Developed by Taiwan studio Glass Heart Games and inspired by titles such as Salt & Sanctuary and Castlevania: Symphony of the Night, Vigil: The Longest Night is a gothic Metroidvania which places you in a grim, horror-filled fantasy world and expects you to unravel various mysteries in the role of Leila, a member of the Vigilant Order.

As you might expect from this style of game, Vigil: The Longest Night unfolds in a slightly non-linear fashion, with areas of the map opening up as you collect the correct items and gear. You can equip various weapons and armour, with the former coming in four different types which can be toggled between during combat. Slaying enemies earns you experience points and levelling-up grants skill points which can be used to unlock new moves and techniques in each weapon type’s skill tree. You can also bolster basic skills in this way, improving your chances of success.

Visually, Vigil: The Longest Night is a real treat; the backgrounds are gorgeous and some of the monsters are truly grotesque – especially the boss monsters, some of which fill the entire screen. However, many of the characters resemble flat paper mannequins thanks to the fact that each limb is animated independently, and while this approach certainly gives the game a unique feel, we couldn’t help but yearn for the silky-smooth, hand-animated visuals of Symphony of the Night or Dead Cells.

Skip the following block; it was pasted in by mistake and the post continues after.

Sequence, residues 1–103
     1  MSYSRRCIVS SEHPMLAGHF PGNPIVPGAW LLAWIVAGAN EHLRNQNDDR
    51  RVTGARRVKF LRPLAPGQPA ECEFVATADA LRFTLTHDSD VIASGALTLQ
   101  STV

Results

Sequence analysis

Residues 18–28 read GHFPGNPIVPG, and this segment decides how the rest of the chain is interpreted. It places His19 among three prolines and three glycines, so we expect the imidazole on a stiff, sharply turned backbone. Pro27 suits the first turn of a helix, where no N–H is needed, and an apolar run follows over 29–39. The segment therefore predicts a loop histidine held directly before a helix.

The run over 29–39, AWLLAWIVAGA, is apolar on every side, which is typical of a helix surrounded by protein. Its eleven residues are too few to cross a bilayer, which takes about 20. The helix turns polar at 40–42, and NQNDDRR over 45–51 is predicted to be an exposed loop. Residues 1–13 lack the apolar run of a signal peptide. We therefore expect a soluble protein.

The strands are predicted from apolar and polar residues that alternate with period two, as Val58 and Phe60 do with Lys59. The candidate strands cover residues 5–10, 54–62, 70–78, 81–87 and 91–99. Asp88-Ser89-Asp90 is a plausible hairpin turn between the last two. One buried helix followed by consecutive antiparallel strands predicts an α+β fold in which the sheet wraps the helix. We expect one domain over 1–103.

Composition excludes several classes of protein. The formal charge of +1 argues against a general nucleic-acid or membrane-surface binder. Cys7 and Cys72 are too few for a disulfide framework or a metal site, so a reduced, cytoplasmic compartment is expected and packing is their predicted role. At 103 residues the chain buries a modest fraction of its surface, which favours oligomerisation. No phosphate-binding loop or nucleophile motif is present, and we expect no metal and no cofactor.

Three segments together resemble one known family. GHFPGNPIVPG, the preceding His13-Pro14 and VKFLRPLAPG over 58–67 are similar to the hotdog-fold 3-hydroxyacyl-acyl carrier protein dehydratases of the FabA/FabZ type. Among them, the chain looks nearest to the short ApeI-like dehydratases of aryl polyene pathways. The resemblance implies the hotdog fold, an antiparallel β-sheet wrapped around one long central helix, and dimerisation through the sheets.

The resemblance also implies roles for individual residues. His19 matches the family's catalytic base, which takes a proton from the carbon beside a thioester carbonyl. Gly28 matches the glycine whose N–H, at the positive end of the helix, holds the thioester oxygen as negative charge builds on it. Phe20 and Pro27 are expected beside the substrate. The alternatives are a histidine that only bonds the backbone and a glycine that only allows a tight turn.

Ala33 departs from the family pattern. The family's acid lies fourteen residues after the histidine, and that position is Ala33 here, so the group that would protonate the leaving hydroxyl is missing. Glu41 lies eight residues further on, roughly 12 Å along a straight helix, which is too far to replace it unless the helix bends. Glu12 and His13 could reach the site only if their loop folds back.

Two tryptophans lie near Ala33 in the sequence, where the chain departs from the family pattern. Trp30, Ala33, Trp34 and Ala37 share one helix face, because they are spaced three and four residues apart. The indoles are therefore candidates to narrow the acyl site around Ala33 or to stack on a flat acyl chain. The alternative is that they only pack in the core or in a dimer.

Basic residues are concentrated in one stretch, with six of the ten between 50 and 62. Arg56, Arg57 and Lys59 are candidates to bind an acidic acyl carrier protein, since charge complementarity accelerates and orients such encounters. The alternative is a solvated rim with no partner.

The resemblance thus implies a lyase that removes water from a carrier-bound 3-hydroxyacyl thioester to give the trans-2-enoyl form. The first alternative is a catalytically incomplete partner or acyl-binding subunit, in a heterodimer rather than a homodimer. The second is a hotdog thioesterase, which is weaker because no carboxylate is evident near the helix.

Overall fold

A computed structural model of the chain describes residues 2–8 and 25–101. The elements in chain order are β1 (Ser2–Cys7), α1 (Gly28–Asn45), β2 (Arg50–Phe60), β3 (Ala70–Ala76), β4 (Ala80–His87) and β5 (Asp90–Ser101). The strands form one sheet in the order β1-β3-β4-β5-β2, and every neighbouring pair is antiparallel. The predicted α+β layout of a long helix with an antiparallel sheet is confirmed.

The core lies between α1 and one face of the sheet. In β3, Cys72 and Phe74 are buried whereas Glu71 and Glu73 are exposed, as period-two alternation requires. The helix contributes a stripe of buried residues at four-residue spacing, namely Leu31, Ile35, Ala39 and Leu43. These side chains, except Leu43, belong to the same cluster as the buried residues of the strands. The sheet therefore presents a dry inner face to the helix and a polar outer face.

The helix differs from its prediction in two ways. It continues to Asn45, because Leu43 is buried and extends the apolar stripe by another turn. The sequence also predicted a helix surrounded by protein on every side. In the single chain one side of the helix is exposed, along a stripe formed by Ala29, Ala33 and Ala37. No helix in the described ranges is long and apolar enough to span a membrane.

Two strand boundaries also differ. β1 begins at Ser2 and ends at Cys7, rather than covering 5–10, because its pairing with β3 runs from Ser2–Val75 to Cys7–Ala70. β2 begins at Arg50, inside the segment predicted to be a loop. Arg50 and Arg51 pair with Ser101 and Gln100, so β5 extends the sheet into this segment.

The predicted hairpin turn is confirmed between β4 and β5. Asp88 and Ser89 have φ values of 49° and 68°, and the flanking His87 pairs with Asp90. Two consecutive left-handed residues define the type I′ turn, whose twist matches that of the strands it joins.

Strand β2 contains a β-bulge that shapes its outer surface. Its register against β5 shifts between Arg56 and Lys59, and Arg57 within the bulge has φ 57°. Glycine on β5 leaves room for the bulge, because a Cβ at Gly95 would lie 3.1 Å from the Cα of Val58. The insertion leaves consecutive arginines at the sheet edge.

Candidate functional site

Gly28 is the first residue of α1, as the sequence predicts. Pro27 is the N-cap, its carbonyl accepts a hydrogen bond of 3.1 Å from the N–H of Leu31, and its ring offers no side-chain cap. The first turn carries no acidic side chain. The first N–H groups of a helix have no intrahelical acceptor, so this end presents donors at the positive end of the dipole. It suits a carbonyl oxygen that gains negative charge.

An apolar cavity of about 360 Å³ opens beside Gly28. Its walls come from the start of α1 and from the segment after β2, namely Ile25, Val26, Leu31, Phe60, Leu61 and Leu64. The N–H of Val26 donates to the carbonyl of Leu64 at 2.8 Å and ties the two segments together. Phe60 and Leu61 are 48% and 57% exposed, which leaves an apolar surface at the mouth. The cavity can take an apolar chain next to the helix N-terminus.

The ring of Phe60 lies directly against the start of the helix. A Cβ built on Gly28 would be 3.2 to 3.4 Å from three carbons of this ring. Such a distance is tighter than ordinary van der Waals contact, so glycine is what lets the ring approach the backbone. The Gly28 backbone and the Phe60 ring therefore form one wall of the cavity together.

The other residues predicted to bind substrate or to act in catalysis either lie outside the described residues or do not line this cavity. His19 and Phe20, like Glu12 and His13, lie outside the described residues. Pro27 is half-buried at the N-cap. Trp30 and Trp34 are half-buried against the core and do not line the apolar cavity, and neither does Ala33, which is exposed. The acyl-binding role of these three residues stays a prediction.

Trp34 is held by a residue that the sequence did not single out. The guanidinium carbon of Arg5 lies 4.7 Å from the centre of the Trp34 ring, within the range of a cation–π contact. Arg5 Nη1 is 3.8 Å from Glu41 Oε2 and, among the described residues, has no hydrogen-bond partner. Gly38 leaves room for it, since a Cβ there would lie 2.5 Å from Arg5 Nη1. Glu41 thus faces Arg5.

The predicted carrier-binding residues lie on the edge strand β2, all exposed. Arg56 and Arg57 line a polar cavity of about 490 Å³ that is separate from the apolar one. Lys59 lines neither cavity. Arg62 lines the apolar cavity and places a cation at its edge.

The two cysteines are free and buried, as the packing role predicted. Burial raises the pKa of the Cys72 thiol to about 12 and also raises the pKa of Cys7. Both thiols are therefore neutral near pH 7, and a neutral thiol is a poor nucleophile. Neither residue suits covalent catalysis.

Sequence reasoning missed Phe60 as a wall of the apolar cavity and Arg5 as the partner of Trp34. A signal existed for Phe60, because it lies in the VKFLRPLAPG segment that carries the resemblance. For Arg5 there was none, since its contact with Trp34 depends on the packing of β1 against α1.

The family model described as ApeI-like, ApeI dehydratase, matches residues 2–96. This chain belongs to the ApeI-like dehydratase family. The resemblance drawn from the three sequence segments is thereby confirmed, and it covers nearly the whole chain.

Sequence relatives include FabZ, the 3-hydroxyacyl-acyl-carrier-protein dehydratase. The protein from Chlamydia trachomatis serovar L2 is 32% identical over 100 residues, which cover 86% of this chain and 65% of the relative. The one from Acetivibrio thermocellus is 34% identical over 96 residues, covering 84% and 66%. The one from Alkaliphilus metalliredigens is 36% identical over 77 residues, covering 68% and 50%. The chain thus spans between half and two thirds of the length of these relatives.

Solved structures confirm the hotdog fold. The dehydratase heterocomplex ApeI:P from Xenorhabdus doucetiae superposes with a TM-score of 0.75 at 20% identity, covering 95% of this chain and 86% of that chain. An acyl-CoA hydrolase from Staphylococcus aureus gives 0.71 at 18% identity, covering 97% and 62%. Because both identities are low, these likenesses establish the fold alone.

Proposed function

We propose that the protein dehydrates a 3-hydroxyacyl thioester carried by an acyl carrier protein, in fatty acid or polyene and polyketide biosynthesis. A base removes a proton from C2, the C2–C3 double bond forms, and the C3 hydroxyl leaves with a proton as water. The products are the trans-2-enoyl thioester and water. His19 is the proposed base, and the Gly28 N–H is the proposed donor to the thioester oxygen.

Still, there’s no denying that in terms of presentation, this is something of a treat, and that extends to the atmospheric soundtrack, which comes courtesy of Jouni Valjakka of metal band Whispered. The music does an outstanding job of adding to the sense of foreboding but also excels at accentuating those moments of peace, such as when you’re located in a friendly village or town.

Vigil: The Longest Night isn’t the toughest Metroidvania you’ll encounter on Switch – nor does it possess the most interesting plot – but it has plenty of secrets to uncover even after you’ve finished it; it’s just a shame that Switch owners have to endure a host of technical problems, such as long load times and an inconsistent frame rate. These unfortunate issues aren’t enough to totally sink the game, however; if you’re in the market for more Metroidvania goodness and you like your games dark, grimy and gothic, then it’s certainly worth a look.

Credit: Mini Review: Vigil: The Longest Night – A Grim And Foreboding Metroidvania